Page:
Zoller’s suggestions for venue far-fetched
While Mike Zoller raised several key concerns regarding the need for a more fan-friendly basketball and volleyball venue, his proposals were far-fetched. His suggestion for playing basketball in the new hockey rink would present many problems. First, there are already capacity restraints – try finding students seats for hockey games – and other issues including inherent condensation problems commonly found in multi-use hockey and basketball arena.
Secondly, the United Center in Chicago does not support a variety of physical education broomball and ice skating classes, as well as nationally ranked precision skating team. While the newer facility would be a plus, I think it’s in the best interest to renovate the existing Millet Hall. The present facility is boring and drab, but colorful new seats, and a video board could offer a quick fix. Does the indoor track get used? Perhaps the seating arrangement could be reconfigured to allow spectators closer to the action.
A new Millet Hall elsewhere on campus would also need to accommodate the ROTC programs, an indoor practice gymnasium, Athletic Department offices, the sports training spaces, and thousands of parking spots. Lastly, I argue, what incentive does Miami have to replace yet another building with a useful service life still remaining?
Remember, students are a captive audience; we are one of the few schools with free admission to sporting events. If there were a line of corporate sponsors willing to purchase naming rights, and luxury boxes, by all means take the support. Unfortunately, I think the best chance at a better arena would be saving your money from The Miami Student and sponsoring Zoller Court at Millet Hall.
VT tragedy requires look at gun control
For too long this country has refused to take a realistic approach to gun control legislation, often pointing to the debatable phrasing of the Second Amendment. This negligence has led to the horrifying events that unfolded at Virginia Tech Monday, capping a disturbing trend that the American public has largely chosen to ignore.
Demonstrating this, an article covering the shootings in the London Times contained a “Timeline in U.S. School Shootings,” something that would be impossible for an American paper commenting on a similar story in Europe to include. Although the timeline detailed only the last 10 years, it contained 15 massacres at the cost of 72 lives and many more injuries. Lawmakers have to date been content to be bullied by the gun lobby into an inculpable submission, but they remain blameless no longer. If Columbine and Enoch Brown weren’t enough to catalyze change, then Virginia Tech must, for the sake of schoolchildren across the country.
Graney’s economic column misses mark
This letter comes in response to Brian Graney’s April 6 column “Growing income disparity of trivial concern for U.S.” Graney’s editorial was simply such an offensive affront against the sound intelligence of the Miami student-body, I felt I had a moral obligation to respond.
I question the rhetorical flourish he offers with his assaults on Sen. John Edwards – it certainly does the job to frame the piece as a politically expedient argument, but it works better as a smoke and mirrors illusion. The fact that Graney offers George Will’s lessons of Wall Street America as a basis for support suggests that he’s too struck by the promise of corporate functionalism and its rewards to the few to wake the up to a disturbing reality of America today.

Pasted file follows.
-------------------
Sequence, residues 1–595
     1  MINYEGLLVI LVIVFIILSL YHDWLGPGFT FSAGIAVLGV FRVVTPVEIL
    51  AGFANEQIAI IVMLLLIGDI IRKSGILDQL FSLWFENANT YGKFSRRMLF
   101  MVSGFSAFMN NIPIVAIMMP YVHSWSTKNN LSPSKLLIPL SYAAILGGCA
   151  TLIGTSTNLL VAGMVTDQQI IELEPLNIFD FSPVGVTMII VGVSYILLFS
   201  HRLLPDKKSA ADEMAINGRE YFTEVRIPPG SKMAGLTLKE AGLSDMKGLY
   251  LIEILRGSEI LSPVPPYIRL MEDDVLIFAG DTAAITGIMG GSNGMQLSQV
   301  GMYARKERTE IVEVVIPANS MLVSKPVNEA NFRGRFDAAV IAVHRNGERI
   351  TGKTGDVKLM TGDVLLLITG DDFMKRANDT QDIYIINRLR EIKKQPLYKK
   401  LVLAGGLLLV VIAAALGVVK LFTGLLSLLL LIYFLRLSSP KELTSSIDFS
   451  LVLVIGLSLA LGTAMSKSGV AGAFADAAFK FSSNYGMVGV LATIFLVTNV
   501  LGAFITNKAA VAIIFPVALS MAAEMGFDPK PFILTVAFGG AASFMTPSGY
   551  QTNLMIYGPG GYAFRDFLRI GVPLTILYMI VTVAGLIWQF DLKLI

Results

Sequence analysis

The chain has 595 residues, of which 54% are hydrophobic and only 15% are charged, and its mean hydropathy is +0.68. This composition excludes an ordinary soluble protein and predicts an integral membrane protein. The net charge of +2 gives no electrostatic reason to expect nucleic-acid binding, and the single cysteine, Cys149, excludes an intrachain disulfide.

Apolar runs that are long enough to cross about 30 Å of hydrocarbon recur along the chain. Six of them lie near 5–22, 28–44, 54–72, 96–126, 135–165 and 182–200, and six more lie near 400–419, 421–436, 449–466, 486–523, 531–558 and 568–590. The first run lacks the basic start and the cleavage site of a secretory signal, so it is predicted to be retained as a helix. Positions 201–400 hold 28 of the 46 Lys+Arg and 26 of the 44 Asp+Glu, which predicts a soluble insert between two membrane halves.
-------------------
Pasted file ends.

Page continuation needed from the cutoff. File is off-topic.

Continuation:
Edwards is right when he discusses the increasing financial divide between the rich and the not-rich. I’m sure Graney’s familiar with the term “trickle-down economics.” Here’s an example of how that really works: The federal government gets lazy on enforcing corporate accountability, CEOs make millions of dollars a year going on golf trips, and when it turns up that their profits are going down, they give themselves raises and fire their base of workers. That happened with Enron, it happened with MCI, and it’s happening right now with Delphi Automotive Systems, the foremost employer from my hometown. When 5,000 people from your hometown get fired in one summer, you can expect the consequences to trickle-down: the entire community shuts down, as well. Indeed, many of my high school friends’ parents have been forced to take up jobs selling TVs at Best Buy. How can one argue that this will not affect the financial situation of their children’s student loans? How can one argue that this doesn’t complicate an issue that’s been brewing for the last decade as cost of tuitions have skyrocketed? That degree’s a great investment, but it damn well better be; it cost $50,000, and who can tell how it’s going to be paid for?
There are too many Americans who cannot afford the basics of a healthy, sustainable life. There are too many Americans who cannot afford to get sick because they are uninsured. It’s not, as George Will and Brian Graney would have us believe, an issue about life expectancy – are you kidding me? It’s an issue of federal ineptitude and corporate mismanagement. It’s an issue of affordable education and health insurance. It’s an issue that challenges us to ask ourselves if we’re not being too foolish about the promises we’ve been raised to believe capitalism will provide.
John Edwards is rich – OK, Graney, what’s your point? He’s got a big house built with money he earned from a career as a successful lawyer. Is he a target of misplaced insult simply because he wants to help disadvantaged Americans achieve as he has? Or is he just a convenient framing device for a lazy rhetorical sound-byte?